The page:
Personal and household finances are a significant contributor to high stress levels, new research reveals.
Sun Life Financial Inc., Toronto, released this finding in the company’s “2012 Canadian Health Index Report,” which measures the attitudes of Canadians towards healthy lifestyles and reports these in the form of an index. The index is based on findings of an Ipsos Reid poll of 3,113 Canadians, ages 18 to 80.
More than 6 in 10 (61 percent) unemployed individuals say that personal and household finances are a significant contributor to high stress levels, as compared to only 44percent of Canadians who are employed full-time, the report states.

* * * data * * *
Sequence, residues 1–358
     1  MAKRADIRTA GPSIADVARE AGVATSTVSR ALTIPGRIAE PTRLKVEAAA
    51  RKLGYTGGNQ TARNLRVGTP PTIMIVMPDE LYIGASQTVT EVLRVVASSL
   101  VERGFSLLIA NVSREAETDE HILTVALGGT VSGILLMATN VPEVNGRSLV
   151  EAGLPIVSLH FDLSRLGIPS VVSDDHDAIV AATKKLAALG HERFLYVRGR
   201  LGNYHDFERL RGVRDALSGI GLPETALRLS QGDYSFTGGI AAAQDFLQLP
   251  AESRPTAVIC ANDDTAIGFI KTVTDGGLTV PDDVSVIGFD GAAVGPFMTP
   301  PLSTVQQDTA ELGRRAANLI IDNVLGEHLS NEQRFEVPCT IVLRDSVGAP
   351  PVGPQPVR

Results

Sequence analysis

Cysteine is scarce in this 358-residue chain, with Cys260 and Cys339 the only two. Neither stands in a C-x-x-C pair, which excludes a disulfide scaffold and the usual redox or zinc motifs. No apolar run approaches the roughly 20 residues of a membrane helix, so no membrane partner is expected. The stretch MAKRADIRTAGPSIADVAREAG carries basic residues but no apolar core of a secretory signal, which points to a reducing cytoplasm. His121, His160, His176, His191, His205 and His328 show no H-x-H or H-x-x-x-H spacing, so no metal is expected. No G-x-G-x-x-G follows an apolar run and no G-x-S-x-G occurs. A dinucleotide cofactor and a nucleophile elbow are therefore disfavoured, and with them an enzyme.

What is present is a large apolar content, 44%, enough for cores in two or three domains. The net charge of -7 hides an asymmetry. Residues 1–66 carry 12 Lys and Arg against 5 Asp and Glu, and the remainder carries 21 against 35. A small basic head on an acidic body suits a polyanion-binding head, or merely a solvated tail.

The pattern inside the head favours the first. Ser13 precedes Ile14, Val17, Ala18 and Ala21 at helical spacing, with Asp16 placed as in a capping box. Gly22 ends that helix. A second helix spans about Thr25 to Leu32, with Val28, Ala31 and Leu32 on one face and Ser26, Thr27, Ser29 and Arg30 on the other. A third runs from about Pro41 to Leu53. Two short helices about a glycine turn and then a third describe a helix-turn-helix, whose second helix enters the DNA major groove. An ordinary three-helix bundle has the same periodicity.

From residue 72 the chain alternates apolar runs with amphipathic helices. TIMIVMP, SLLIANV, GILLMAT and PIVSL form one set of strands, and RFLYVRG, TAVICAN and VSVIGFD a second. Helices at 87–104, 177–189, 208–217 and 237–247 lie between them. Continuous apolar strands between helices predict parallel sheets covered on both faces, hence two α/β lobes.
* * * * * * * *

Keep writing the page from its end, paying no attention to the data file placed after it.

Survey respondents identify both emotional and physical benefits associated with work. The top three, the report indicates, are keeping active (identified by 25 percent of the respondents), socializing (7percent) and remaining stimulated or challenged (also 7 percent).
The report adds that 30 percent of unemployed individuals say they have “always or usually felt overwhelmed by stress in the past month” This compares with just 21percent of full-time workers and 16percent of the self-employed.
Nationally, the report states, more than three-quarters (72 percent) of Canadians are experiencing excessive or uncomfortable levels of the stress—and the youngest Canadians are most likely to feel the effects.